A reader asked me to explain Isaiah 9:3 (Hebrew 9:2). The reason for his question is because the versions differ when translating this verse into English. Below are two translations of Isaiah 9:3:
King James Version:
“Thou hast multiplied the nation, and not increased the joy: they joy before thee according to the joy in harvest, and as men rejoice when they divide the spoil.”
The Jewish Publication Society:
“Thou hast multiplied the nation, Thou hast increased their joy; they joy before Thee according to the joy in harvest, as men rejoice when they divide the spoil.”
I have used bold letters in quoting the text to emphasize the section of verse 3 where the versions differ. As can be seen above, one version (the KJV) is negative, “and not increased the joy,” while the other version (the JPS) is positive, “Thou hast increased their joy.” The question is: why the difference?
The answer to this question and the explanation as to why the two versions differ in their translation of the text is found in the Hebrew Bible and in the notes provided by the Masoretes. Let me begin by identifying the Masoretes.
The Masoretes were Jewish scribes who copied the ancient Hebrew manuscripts. They added the vowels to the consonantal text, marked doubtful passages, and divided the text into sections for liturgical use. One of the greatest contributions of the Masoretes was the marginal notes they added to the manuscripts. These notes provided alternative readings of the texts which they believed represented a more correct reading than those found in the manuscripts.
These notes are called the Ketiv/Qere. The Ketiv, “that which is written,” is the form of the word which appears in the Hebrew Bible. The Qere, “that which is to be read,” is the correction made by the scribes, which in their opinion represents an ancient and better reading.
One of those proposed emendations is found in Isaiah 9:3 and the issue here is a homophone. Homophones are words that when read, they are pronounced alike but have different meaning or are spelled differently. One good example of homophones in English is found in the words “to,” “too,” and “two.”
The homophone in Hebrew is לא and לו. The two words sound alike when they are pronounced in Hebrew, but they have different meanings. The first word לא, lo’, means “not,” and the second word לו, lô, means “to him,” “his.”
The Hebrew text of Isaiah 9:3 reads as follows:
The King James translates the text as: Thou hast not increased the joy. This is the Ketiv or what is written in the text. However, the Masoretes said that this is not the best and original reading. Thus, they put a note in the margin of the text and said that instead of reading לא, lo’, the text should read לו, lô, “Thou hast increased their joy.” This is the Qere, what should be read.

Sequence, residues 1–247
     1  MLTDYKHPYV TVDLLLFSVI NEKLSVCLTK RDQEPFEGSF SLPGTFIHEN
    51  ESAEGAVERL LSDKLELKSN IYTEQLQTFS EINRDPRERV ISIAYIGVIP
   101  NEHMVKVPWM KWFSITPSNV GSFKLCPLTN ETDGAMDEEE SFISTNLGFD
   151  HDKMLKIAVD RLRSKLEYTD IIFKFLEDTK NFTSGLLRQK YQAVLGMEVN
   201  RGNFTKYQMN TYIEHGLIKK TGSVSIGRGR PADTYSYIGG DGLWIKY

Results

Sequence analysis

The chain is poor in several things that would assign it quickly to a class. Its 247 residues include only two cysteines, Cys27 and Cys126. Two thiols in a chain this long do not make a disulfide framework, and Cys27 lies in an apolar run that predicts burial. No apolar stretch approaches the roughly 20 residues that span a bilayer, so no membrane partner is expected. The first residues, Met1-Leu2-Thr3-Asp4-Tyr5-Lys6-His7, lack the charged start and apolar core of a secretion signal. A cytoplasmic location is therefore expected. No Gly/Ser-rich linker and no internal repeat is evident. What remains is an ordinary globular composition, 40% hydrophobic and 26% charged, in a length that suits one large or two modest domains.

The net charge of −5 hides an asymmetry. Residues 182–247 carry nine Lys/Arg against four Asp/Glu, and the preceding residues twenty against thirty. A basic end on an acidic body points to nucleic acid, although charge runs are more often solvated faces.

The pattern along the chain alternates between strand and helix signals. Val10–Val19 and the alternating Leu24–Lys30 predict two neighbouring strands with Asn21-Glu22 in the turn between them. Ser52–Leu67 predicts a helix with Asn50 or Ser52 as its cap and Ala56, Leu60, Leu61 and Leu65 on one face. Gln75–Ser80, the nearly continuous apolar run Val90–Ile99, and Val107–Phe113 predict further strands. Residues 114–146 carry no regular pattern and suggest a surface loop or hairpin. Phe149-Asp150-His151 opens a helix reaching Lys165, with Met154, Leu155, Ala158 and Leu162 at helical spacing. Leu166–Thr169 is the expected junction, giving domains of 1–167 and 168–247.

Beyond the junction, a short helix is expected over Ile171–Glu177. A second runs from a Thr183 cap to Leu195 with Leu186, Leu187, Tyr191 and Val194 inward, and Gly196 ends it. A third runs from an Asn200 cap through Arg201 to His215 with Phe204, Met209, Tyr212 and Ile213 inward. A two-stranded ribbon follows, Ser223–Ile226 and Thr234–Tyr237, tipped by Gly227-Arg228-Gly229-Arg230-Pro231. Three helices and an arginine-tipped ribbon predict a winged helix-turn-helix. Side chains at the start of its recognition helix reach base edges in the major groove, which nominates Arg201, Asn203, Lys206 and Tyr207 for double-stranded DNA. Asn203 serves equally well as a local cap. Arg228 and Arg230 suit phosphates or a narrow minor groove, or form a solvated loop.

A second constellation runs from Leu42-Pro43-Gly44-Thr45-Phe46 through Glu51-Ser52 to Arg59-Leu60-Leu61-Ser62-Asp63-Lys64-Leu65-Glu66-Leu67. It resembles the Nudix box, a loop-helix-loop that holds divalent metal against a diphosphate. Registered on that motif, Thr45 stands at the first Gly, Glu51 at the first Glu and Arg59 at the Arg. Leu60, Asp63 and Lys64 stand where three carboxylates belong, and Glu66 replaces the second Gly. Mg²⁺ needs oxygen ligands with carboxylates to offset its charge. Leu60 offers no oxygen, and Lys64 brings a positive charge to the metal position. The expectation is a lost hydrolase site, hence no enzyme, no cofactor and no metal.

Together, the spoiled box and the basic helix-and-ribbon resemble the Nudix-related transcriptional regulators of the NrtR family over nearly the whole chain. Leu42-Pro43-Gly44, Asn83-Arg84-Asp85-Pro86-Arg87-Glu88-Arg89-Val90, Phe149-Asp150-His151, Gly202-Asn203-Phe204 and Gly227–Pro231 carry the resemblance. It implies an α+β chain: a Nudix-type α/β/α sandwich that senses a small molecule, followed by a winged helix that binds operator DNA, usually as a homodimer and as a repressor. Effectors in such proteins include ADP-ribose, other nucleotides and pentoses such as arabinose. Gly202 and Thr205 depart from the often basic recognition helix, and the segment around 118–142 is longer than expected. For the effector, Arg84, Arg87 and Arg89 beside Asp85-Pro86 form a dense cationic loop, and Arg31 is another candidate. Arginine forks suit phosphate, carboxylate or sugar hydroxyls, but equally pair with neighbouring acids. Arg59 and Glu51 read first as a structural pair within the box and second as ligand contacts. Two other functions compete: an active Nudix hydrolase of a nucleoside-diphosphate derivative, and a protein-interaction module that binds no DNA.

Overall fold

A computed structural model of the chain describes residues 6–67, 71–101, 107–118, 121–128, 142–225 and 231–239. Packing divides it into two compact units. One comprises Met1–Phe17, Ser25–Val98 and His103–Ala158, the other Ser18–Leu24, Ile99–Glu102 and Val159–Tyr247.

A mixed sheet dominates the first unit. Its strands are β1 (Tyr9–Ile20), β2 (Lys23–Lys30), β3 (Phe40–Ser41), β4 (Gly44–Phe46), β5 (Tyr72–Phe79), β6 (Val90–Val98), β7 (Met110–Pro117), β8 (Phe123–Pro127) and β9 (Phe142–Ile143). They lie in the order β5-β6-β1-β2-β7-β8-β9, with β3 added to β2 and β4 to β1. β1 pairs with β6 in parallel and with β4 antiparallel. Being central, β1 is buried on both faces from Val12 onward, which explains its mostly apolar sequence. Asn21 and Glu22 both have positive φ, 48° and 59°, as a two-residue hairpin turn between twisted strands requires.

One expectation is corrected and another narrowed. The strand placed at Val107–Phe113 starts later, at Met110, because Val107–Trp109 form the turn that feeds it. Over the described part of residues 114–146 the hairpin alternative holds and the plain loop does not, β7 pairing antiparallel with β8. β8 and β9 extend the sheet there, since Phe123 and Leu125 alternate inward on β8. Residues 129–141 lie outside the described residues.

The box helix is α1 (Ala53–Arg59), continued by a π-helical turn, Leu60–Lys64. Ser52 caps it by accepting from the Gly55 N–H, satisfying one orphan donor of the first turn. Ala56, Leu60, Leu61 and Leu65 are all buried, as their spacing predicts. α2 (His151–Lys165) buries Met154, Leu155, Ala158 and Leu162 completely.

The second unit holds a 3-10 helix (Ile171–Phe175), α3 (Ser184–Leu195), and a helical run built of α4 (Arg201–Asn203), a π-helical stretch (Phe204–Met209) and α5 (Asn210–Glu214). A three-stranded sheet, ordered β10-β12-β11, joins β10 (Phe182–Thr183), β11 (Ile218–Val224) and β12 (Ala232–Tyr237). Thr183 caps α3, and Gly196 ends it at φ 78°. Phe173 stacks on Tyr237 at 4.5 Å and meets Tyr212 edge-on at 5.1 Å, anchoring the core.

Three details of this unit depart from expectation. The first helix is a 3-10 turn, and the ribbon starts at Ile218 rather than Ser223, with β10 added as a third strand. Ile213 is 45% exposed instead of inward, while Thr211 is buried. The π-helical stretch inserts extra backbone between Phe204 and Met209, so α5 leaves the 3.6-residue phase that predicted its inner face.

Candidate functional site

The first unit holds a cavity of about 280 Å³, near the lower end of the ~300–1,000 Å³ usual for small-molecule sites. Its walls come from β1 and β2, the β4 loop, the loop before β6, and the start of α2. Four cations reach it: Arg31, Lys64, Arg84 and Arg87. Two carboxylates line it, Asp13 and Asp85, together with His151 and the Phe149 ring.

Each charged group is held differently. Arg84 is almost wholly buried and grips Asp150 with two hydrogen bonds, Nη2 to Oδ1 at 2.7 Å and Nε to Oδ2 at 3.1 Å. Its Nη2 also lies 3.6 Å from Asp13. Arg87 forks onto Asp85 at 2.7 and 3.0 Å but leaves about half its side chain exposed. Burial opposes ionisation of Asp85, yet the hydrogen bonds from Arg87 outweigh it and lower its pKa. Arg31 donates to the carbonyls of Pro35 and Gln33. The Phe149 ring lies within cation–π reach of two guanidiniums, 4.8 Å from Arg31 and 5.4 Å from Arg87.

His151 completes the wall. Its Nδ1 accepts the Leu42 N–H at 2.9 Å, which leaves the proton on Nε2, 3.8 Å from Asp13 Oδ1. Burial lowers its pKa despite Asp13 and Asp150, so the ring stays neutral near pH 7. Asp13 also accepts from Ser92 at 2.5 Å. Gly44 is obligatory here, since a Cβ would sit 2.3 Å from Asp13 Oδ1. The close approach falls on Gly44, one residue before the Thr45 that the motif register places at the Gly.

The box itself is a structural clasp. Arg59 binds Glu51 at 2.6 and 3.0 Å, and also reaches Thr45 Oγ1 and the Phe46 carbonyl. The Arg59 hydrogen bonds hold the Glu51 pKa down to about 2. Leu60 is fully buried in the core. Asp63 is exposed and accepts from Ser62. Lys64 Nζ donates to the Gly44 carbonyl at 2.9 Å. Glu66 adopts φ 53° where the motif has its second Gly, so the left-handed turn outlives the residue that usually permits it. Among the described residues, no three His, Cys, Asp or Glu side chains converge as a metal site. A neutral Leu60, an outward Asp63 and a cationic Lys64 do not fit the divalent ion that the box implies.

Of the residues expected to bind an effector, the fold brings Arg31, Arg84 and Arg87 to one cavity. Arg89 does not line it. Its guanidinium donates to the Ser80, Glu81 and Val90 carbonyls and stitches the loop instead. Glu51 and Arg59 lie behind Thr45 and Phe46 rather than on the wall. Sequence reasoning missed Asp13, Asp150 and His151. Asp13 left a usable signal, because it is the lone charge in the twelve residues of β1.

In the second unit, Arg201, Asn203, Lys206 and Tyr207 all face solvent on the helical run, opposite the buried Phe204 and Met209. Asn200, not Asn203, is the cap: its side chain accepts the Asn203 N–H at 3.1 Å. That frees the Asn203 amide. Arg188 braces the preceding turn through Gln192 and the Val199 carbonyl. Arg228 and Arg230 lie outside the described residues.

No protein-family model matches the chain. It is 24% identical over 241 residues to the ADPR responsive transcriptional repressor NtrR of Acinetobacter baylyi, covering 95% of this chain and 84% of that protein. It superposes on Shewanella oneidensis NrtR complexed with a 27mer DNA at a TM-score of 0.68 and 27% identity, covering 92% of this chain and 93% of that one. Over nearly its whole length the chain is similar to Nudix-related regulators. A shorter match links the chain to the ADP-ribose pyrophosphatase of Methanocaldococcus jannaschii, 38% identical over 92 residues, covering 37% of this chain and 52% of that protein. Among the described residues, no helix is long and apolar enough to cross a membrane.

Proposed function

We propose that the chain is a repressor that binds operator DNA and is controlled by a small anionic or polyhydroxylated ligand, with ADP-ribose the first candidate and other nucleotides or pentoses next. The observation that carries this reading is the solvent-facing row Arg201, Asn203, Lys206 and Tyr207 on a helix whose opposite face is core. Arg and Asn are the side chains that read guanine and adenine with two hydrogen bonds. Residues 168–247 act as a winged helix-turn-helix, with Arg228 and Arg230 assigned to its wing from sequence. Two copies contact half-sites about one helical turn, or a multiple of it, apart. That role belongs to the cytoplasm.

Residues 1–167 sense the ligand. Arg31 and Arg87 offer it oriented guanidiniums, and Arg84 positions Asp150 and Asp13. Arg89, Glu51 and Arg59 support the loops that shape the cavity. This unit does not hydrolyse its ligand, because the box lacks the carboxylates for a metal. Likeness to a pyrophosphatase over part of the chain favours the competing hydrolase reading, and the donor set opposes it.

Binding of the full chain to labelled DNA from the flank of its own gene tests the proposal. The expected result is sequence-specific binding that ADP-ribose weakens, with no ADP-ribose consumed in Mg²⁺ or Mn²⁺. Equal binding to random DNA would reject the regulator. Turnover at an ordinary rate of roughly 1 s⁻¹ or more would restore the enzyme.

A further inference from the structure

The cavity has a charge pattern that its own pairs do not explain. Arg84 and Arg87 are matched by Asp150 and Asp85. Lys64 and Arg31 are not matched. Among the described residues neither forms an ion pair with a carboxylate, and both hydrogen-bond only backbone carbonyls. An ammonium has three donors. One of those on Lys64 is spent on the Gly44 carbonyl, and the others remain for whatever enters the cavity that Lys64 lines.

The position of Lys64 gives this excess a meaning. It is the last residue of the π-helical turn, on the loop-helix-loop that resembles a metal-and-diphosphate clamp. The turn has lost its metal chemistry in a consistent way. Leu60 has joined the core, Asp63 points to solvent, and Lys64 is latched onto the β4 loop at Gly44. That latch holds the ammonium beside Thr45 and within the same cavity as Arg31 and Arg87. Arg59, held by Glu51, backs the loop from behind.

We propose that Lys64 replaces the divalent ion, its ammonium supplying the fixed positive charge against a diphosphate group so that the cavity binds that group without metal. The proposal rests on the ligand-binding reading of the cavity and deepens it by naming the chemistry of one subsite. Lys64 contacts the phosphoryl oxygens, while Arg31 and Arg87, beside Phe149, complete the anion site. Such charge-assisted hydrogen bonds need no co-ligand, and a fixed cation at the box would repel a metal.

Now, when it came time to translate Isaiah 9:3 into English, of all the modern versions, only the King James Version adopted the Ketiv reading, the reading of the Hebrew text. All the other versions, including the New King James Version followed the Qere, or the reading proposed by the Masoretes.
A closer look at the context of the passage demonstrates that “Thou hast increased their joy” is the better reading. According to the text, the Lord enlarged the nation and increased their joy. In addition, the people rejoice before the Lord in the same way they rejoice at harvest time and when they divide spoils.
It is unfortunate that the King James did not follow the Qere in translating Isaiah 9:3 since the negative translation adopted by the King James contradicts the message the prophet is trying to convey to his audience. The mood of joy and celebration that will be demonstrated by the people affirms that the Qere reading, “Thou hast increased their joy,” is the correct reading of Isaiah 9:3.
NOTE: For other studies on the book of Isaiah, read my post, Studies on the Book of Isaiah.
NOTE: For other studies on translating the Bible, see my post, Studies on Translation Problems in the Old Testament.
Emeritus Professor of Old Testament
Northern Baptist Seminary
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An alternative is to read הרבית הגוי לא הגדלת השׂמחה (You enlarged the nation, did not magnify the joy) as a distortion of an original הרבית הגילה הגדלת השׂמחה (You enlarged jubilation, magnified the joy). That could occur quite easily if a final alef was written instead of a final heh (as with the word “bitter [one]” in Ruth 1:20 – mara’ instead of marah). The pronunciation would be the same. Thus, הגילה הגדלת would become הגילא הגדלת. And all you need is for someone to come along and “correct” the text (wrongly) or smudge the yod into a waw and suddenly you have a “nation” and a “not” that never before existed.
This is possible, but such a reconstruction has no support in any of the available manuscripts. As long as no manuscript exists that supports this reading, I think the reading of the Masoretes should stand.